Originally from near the Irish seaside town of Cobh, comedian Maeve Higgins has since made a name for herself in a much larger metropolis on the edge of the Atlantic. The writer, comic, and actor now lives in New York City and regularly appears on NPR’s Wait, Wait, Don’t Tell Me, was part of the revived National Lampoon Radio Hour, and has become a staple of the Brooklyn comedy scene. She’s remained connected to Ireland, though, starring in the 2019 Irish horror comedy Extra Ordinary (alongside Will Forte) and writing a column for the Irish Examiner.
In one of her latest pieces, which touches on what it’s like to live in New York, Higgins describes herself as “restless,” an adjective that’s also applicable to her hilarious, breezy debut (sort of—she released an LP in 2011 that’s still available to stream) comedy album, A Very Special Woman. Higgins flits from one subject to the next with little or nothing by way of transition (except for the meta moment when she points out how handy “link lines” are). However, that works for her comedy, which is wonderfully scattered and whimsical. One minute she’s imagining her ideal funeral (right before her wedding day, flower girls scattering lily petals, the works), the next she’s telling us how best to make friends.
The dream funeral bit is one of my favorite jokes on the album because a) it plays into the macabre stereotype that Irish people love funerals, and b) it lets Higgins do what she does best: paint an evocative and humorous picture with words. Higgins balances that very millennial line between self-deprecation and notions of grandiosity, much like fellow comic Catherine Cohen, but the Irish performer opts for vivid, detailed mental images instead of Cohen’s cabaret. You can tell Higgins is a wordsmith from the way she mines a bit about her mouth, describing it in a number of funny, creative ways (my favorite being “where the flesh of my face ends”). The millennial relatability factor is not to be underestimated, either. We’re a generation who’ve been trained by social media to care about the image we’re projecting over all else, so it’s both hilarious and biting when Higgins mentions wanting to be perceived as good, or preferring the idea of reading to the actual activity. Higgins captures feelings that are universal, but is also inventive enough to keep these jokes from feeling tired.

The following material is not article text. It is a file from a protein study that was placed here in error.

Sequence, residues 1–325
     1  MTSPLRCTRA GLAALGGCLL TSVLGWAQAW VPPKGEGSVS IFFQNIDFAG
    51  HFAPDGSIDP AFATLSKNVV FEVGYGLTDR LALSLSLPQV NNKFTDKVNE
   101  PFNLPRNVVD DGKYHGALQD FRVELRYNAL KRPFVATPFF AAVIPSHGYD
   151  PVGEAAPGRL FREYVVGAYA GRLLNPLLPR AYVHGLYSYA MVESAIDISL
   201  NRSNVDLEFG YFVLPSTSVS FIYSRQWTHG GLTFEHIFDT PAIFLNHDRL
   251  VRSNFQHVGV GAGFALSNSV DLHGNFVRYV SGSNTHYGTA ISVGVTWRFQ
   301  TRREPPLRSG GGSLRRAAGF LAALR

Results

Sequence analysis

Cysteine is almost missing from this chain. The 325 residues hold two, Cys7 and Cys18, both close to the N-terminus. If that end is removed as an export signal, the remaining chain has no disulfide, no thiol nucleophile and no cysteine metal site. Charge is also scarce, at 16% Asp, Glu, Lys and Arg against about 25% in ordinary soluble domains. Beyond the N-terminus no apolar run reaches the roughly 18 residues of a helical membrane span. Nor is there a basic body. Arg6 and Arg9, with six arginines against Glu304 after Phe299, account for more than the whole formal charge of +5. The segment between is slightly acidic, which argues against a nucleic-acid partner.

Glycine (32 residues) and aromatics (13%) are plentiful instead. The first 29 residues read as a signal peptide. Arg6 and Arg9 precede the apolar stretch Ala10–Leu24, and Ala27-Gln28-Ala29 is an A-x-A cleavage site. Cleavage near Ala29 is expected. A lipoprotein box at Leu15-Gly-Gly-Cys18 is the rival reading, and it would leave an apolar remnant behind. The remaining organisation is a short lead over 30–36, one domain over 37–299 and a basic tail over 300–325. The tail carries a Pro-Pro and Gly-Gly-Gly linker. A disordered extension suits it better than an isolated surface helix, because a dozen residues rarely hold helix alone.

Another highlight of A Very Special Woman are Higgins’ attempts at impressions. She even starts off the album pretending to be American, and her accent isn’t half bad until she turns into a Southern belle. Others are intentionally muted, and a number of impressions come out sounding like Grover from Sesame Street. Higgins’ good-natured goofiness makes these moments all the more humorous.
Whether you’re familiar with her already or just getting to know Higgins, this album is an excellent introduction to a comedian who will keep you guessing—and, most importantly, laughing—at every turn.
A Very Special Woman is out now via PGF Records on Apple Music, Spotify, or wherever you listen to comedy.
Clare Martin is a cemetery enthusiast and Paste’s assistant comedy editor. Go harass her on Twitter @theclaremartin.